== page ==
Friday, 30 January 2015

The UK Ushers in Indie Bands of Merit

All this music is fresh on the scene and totally fantastic. Two of the three bands have even produced music videos, which in this age of indie austerity is a blooming achievement.
There’s a general weariness in Britain about the shoddiness of mainstream pop music. It’s been building and a growing frustration is brewing with some newspapers blaming it on a lack of social mobility that disallows working-class kids to create original music, with some commentators laying the blame on a risk-averse British media unwilling to tapper the cultural damage caused by 15 years of Simon Cowell.
Whatever it is, the UK ought to never cease creating great guitar music and should always promote the songs of foreign bands influenced by the rock’n’roll of Blighty.
Crushed Beaks’ Overgrown
The garage-pop energy of this London band has annoyed much of Britain’s music press whom believe that Crushed Beaks ought to be supported more by national radio stations on account of how good they are. You do get the feeling that there’s a restless in the UK music industry to somehow revitalise things by finding young white guys with guitars that can bring about a serious generational shift through rock music. There are big expectations from Crushed Beaks but the change sought needs a better strategy than just vesting one’s hope a band that sounds this cool.
Pinkshinyultrablast’s Glitter
The reason why this Russian band is getting a modicum of airplay and great press in UK broadsheets is because they produce music that honours the classic British shoegaze scene of 1990, but meshes it with ethereal foreign touches.
Singer, Lyubov, sings in English because apparently it’s more “melodious” than the Russian language. Their soon to be released debut album debut album Everything Else Matters is said to be stunning, though it doesn’t seem that the heaps of positive press it currently courts will be enough to make Pinkshinyultrablast anything other than slightly hipster cool. It’s too leftfield and the band’s name doesn’t help, either.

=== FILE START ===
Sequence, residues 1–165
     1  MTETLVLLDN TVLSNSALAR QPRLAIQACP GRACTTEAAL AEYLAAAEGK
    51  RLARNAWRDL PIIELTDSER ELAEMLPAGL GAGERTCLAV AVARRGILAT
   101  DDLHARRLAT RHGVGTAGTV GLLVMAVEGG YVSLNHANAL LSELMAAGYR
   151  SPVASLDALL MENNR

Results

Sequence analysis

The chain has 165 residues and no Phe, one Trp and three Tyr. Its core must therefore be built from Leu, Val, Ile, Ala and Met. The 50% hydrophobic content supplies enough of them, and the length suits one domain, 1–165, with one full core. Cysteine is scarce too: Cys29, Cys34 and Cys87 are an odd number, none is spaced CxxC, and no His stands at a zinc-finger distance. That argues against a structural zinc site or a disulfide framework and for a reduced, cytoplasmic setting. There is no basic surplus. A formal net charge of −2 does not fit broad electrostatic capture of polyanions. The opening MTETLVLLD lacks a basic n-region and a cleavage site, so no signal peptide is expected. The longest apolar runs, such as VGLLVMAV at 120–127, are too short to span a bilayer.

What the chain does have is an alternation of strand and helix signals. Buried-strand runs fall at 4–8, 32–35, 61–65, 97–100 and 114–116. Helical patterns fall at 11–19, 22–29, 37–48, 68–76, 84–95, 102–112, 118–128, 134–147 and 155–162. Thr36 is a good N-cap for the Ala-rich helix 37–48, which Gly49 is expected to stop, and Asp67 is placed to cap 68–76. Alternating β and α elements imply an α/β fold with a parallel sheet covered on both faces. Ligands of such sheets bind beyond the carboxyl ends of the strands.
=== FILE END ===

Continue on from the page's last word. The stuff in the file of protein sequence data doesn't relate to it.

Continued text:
Menace Beach’s Tastes like Medicine
Trust the north of England to deliver a garage-pop band that sounds so infectious. This is the kind of entertaining and fun indie music that ought to be on everyone’s playlist, but, tragically, it’s somehow perceived as being too niche.
Hailing from Leeds, West Yorkshire, Menace Beach totally tributes the sort of sound that was prominent during the glory days of guitar bands. The video replicates the type of down and dirty VHS recorded, 4:3 aspect ratio clips that used to come on MTV decades ago, overlaying it with novel animation to add requisite indie character.

Monday, 26 January 2015

-Music Videos on my Mind- Father John Misty’s “Chateau Lobby #4 (in C for Two Virgins)”

If Father John Misty wasn’t the former drummer of Fleet Foxes and didn’t have his record released through Sub Pop, one wonders if Chateau Lobby #4 (in C for Two Virgins) would get the hipster buzz inevitably coming its way. Producing radio-friendly tracks is no shameful thing, but this mariachi-drenched ditty is the kind of song Top 40 programmers stick on a loop because every conceivable demographic in America gets targeted in one masterful swoop. It’s songs like this that become a staple playlist fixture for Texan housewives and college campus youth stations, not to mention everyone in between. You can imagine this getting covered by Michael BublĂ© and American Idol auditionees, which means that this tune ticks a lot of boxes.